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Ignoring distractions can start with Ott
Time to focus on the task at hand
3/7/11 - By Mike Lee -

I hate Steve Ott. Those are four words that have been muttered more than a few times at HP Pavilion. I hate Steve Ott, because the Sharks can't seem to ignore him. The Dallas Stars uber-pest offers little in terms of scoring punch or defensive prowess, but he’s turned annoying Sharks players into an art form. And for some reason, there are current San Jose players who don’t seem to be familiar with Ott’s history as Sharks antagonist.

I hate the fact that no matter what Ott’s done in his past, some Shark players can’t seem to get past the fact that his game is all about distracting them from theirs. He’s mastered the art of understanding the boundaries of NHL referees, and what they will let him get away with.

There are players that just assume that if on-ice officials don’t deal with Ott, it’s up to them to take care of him. The reality is there’s really nothing to take care of. If you’re a professional athlete, you should be able to discern a distraction from an action that retaliation.

Rookie defenseman Jason Demers has emerged as the focal point of every hockey pundit in North America over the weekend, when he responded to Ott’s antics by throwing a punch that failed to connect with the Stars forward. That punch, if you haven’t already seen, instead connected with linesman Brian Mach’s head.

The fact that Demers felt inclined to throw a punch at Ott validated his role and demonstrated that Demers needs a history lesson. Three years ago in the Western Conference Semi-Finals, Ott and the rest of the Stars bounced the heavily favored Sharks from the playoffs by forcing San Jose to focus on something other than playing Sharks hockey.

It’s not like Ott plays in the Eastern Conference and they only see each other every other year. Ott plays in the same division, which means they play each other six times a year. His shtick hasn’t changed in the eight years he’s been in the league; yet opposing players still find it necessary to respond.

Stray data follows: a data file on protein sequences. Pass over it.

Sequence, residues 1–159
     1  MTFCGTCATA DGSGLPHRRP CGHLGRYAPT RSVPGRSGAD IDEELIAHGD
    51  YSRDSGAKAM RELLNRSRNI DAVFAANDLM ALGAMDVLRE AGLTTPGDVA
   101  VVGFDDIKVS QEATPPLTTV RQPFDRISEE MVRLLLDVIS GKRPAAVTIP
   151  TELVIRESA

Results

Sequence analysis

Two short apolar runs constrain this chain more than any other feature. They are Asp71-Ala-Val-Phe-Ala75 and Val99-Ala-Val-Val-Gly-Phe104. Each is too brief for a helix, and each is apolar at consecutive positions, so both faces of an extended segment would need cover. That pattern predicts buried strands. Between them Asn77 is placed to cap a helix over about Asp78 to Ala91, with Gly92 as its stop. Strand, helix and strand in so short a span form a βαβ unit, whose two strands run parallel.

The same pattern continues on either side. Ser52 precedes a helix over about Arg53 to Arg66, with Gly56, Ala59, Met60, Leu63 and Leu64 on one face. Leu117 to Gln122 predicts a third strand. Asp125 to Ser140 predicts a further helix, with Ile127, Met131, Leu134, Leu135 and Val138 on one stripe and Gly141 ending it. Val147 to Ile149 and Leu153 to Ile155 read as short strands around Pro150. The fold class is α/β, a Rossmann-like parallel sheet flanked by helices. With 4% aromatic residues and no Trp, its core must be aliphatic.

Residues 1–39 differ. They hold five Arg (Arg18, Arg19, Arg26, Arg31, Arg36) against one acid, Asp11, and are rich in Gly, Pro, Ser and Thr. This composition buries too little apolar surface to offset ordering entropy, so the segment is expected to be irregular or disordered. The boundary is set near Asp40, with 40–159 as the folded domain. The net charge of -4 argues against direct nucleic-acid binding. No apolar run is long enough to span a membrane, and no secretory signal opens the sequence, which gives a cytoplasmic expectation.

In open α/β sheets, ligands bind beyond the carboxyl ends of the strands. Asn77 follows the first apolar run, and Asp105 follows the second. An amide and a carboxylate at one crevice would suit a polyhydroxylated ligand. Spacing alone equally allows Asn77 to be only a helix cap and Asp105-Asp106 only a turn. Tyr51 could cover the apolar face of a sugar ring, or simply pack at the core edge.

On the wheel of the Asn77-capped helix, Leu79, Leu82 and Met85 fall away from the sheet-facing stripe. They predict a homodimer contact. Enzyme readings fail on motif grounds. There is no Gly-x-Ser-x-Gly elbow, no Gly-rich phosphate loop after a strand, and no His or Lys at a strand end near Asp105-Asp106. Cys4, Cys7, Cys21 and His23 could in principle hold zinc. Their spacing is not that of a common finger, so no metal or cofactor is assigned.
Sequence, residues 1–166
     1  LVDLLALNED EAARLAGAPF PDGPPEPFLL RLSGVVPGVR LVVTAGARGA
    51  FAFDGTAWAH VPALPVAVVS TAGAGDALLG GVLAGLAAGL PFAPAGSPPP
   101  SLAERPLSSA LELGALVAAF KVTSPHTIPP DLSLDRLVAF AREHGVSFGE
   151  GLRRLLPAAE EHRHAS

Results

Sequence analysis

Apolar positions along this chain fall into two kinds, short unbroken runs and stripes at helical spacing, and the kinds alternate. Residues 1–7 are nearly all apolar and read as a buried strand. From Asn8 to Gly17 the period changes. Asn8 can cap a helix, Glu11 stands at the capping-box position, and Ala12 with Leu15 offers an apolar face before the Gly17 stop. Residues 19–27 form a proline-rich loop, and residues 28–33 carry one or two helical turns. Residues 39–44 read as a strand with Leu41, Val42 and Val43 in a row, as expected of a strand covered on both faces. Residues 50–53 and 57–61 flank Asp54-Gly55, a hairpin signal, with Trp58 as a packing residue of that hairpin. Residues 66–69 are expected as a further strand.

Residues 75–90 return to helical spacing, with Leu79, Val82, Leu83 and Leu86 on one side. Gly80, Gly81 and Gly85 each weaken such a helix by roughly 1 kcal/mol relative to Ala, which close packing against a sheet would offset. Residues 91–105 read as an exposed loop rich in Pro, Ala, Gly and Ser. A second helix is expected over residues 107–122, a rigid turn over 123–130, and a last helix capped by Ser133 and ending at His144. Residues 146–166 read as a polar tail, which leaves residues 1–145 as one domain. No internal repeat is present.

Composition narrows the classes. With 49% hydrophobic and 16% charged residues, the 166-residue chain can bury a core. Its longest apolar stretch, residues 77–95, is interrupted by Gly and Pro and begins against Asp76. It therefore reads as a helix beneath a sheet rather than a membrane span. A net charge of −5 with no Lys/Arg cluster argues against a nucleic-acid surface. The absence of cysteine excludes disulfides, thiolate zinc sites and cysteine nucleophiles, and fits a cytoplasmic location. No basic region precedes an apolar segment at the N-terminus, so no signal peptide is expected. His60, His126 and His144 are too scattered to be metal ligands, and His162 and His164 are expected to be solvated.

The Sharks seemingly dodged a bullet on Saturday night, after Demers unloaded his overhand blast to Mach. Demers was remorseful the second the punch landed, as he apologized to the linesman multiple times as he was escorted off the ice. Demers could have easily received a significant suspension for striking an official, but the league appears to recognize that the punch wasn’t intended for Mach.

That aside, the league could have unloaded on Demers, and few would be able to argue with any such sanction. How do you defend against the fact that a player struck an official. What’s worse, the incident could have cost the Sharks beyond the eventual loss to the Stars on Saturday.

What happens if Demers receives a lengthy suspension right as the Sharks hit the home stretch in the regular season schedule. A schedule loaded with nine of sixteen games against division opponents.

Three of those games come against the Stars. Those same Stars trail the Sharks by a mere three points in the standings. Another three points separates the Sharks from 8th place in the Western Conference standings, so every point counts from here on out. San Jose doesn’t have the luxury of letting a game or two slip because they felt the need to settle a score with an agitator.

If there’s one thing you can take to the bank, it’s the fact that Ott won’t change his approach against the Sharks. He won’t change that approach for any division rival. His game seems to get edgier as the playoffs get closer. He earned a major penalty for spearing Los Angeles Kings forward Kyle Clifford on Monday night in the Stars 4-3 overtime win, to go with a 10-minute misconduct.

Spearing isn’t a run of the mill penalty in the NHL, but seems appropriate coming from a player like Ott. San Jose will get two more chances in the regular season to show that they can ignore him. They can really show that they’re focused on one goal.

Get that job done, and there won’t be any reason to hate Steve Ott, because he’ll just be another novelty player that didn’t get in the way.


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